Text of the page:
The report criticizes the move as the tendency to use national security needs as grounds for denying fundamental freedoms, and also accused government security agencies in the US, UK, Ethiopia, Saudi Arabia, Belarus, Russia and Sudan of similar practices.

As BNamericas reported, the Latin American region fared quite well in the latest Reporters Without Borders’ World Press Freedom Index, with no country in the region falling in the rankings compared to the previous year.

Telecom Italia calls off dividend payment, mulls tower sales in Brazil and Italy – Brazil, Regional

Italian telecoms carrier Telecom Italia (NYSE: TI) is considering selling towers in Italy and Brazil in the coming months to increase cash and improve financial performance, while it has suspended the payment of 2013 dividends on ordinary shares, company officials told analysts in a conference call on Friday.

The dividend payout on ordinary shares is expected to be resumed in 2015, according to financial VP Piergiorgio Peluso.

Despite these measures, the operator stressed it achieved its debt reduction goals last year. Telecom Italia reported its adjusted net debt fell by 1.46bn euros (US$2.03bn) to 26.8bn euros in late December, said to be in line with analysts’ predictions.

In 2013, the company posted net losses of 674mn euros, down 58.6% from the 1.62bn euros in losses reported in 2012.

Full-year revenue was 23.4bn euros, down 9.1% from 25.8bn euros in 2012. Full-year revenues in Italy decreased nearly 10% to 16.2bn euros.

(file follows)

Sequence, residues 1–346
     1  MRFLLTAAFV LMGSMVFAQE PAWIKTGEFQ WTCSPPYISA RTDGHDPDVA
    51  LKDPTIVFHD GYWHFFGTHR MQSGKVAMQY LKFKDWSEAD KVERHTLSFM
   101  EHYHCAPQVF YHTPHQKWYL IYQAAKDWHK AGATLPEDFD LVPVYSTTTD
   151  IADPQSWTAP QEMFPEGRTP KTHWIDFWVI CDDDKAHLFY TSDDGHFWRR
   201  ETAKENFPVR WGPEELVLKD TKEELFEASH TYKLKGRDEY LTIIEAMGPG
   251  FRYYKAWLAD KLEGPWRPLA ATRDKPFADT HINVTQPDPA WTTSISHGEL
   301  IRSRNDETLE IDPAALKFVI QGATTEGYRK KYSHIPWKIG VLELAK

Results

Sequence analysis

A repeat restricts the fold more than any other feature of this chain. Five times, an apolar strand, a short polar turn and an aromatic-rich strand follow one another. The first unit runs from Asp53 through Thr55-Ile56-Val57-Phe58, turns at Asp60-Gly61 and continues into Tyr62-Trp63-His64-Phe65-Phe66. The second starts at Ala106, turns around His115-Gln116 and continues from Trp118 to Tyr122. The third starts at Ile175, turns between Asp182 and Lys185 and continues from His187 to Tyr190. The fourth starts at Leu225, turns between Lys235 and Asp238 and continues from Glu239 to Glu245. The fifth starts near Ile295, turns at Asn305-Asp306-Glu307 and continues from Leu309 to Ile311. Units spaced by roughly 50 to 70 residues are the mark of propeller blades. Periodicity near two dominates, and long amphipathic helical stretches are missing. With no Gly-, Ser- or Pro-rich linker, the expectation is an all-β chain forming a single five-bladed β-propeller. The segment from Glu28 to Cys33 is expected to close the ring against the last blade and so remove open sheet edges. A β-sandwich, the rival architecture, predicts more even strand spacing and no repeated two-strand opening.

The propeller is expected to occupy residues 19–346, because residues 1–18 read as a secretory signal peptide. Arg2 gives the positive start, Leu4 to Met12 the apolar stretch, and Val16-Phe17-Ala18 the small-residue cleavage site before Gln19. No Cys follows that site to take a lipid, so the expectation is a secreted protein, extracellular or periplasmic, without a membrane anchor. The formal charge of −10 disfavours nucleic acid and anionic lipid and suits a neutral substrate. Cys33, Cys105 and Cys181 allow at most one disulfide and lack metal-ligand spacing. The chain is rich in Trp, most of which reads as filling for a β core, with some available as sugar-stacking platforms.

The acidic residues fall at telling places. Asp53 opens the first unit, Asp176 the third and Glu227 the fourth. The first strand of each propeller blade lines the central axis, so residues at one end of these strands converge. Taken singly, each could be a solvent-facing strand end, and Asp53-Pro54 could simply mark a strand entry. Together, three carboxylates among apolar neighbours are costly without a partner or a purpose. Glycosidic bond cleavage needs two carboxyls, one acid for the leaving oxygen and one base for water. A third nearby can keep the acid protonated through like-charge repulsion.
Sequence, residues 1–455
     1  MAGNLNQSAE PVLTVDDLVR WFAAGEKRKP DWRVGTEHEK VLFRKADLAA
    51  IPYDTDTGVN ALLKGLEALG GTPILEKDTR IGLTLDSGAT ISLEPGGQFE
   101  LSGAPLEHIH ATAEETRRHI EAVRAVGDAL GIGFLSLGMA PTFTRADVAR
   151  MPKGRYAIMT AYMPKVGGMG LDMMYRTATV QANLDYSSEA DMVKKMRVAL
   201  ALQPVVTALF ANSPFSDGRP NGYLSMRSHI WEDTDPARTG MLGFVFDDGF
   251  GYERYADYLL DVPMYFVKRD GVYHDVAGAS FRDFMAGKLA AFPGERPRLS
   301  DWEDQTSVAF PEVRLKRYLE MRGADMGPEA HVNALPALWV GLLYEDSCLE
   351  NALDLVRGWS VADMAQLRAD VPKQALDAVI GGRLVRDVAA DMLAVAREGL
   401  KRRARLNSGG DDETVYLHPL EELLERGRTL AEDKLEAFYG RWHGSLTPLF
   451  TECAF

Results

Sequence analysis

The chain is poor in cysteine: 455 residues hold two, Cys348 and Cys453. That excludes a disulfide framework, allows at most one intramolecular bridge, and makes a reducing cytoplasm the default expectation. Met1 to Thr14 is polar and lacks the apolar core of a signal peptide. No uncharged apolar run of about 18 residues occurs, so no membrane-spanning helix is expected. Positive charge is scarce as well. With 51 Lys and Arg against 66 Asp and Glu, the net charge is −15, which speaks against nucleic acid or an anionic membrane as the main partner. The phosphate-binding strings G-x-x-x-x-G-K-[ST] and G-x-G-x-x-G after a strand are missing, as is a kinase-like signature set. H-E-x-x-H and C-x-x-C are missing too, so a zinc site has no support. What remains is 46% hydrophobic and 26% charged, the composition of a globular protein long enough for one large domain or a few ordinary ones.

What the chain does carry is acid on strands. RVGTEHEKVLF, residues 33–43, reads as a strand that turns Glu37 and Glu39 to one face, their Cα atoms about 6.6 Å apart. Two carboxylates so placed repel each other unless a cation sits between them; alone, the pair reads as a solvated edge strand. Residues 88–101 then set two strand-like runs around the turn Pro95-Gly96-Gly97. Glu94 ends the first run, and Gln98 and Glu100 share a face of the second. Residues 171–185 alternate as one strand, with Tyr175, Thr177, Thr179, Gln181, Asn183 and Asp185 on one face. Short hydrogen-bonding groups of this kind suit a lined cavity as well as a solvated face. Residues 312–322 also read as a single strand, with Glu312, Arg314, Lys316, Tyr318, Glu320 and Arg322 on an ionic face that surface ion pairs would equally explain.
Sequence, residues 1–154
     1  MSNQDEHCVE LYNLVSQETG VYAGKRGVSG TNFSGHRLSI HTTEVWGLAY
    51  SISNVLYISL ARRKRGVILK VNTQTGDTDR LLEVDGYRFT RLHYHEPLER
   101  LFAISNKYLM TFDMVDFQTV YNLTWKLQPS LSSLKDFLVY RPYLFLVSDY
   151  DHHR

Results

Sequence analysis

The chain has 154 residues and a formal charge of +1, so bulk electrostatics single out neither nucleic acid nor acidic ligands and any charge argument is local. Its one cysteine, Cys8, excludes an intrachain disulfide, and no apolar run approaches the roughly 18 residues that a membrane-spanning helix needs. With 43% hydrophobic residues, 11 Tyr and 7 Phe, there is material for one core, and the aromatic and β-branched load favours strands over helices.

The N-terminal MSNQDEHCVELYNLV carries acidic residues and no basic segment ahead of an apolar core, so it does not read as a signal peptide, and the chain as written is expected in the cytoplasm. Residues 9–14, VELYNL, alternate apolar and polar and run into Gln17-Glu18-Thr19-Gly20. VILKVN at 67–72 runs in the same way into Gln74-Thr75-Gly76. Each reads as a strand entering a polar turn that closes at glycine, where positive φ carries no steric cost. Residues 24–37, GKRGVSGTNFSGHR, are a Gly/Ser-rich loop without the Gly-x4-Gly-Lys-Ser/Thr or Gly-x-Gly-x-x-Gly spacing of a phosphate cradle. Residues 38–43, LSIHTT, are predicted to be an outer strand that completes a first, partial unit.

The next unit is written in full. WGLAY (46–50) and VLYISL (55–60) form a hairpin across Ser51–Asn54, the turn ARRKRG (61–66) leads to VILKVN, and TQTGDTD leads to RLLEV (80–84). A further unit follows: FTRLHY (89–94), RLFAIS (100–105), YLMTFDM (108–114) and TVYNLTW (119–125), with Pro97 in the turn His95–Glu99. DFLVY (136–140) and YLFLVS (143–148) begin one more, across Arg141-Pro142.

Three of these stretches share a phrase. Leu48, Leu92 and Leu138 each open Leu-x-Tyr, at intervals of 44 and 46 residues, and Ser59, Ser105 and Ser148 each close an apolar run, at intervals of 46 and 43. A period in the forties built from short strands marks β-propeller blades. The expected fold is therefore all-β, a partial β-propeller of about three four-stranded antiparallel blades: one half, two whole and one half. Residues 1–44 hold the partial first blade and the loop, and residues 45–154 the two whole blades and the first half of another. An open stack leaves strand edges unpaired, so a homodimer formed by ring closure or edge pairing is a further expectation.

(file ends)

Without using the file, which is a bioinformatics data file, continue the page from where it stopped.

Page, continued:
Brazil, where the company owns TIM Brasil (NYSE: TSU), accounted for roughly a third of the group’s total revenues, or 6.95bn euros in 2013. The result is down 7.1% compared to 2012 in euros, but up 6.2% in reais to nearly 20bn reais (US$8.55bn).

According to the company, operations in Brazil were affected by the weak exchange range, with the Brazilian real falling over 10% against the euro compared to 2012.

In 2013, Ebitda was down 9.4% at 9.54bn euros, with a margin of 40.8%, compared to 40.9% in 2012. Capital expenditure totaled 4.40bn euros in 2013, 239mn euros less than in 2012.

“Despite greater pressure on the Arpu and uncertainty regarding the stability of the revenues, a gradual recovery of the operating performance is expected for the current year in keeping with the dynamics of the 2014-2016 three-year plan,” the company said in its earnings release.

 

CANTO's Secretary General Teresa Wankin strikes a pose with Aruba's Prime Minister Evelyn Wever-Croes (left). The CANTO Board is currently in Aruba for its 138th Board Meeting. pic.twitter.com/uG3W5eYyi1

About 2 days ago from CANTO's Twitter via TweetDeck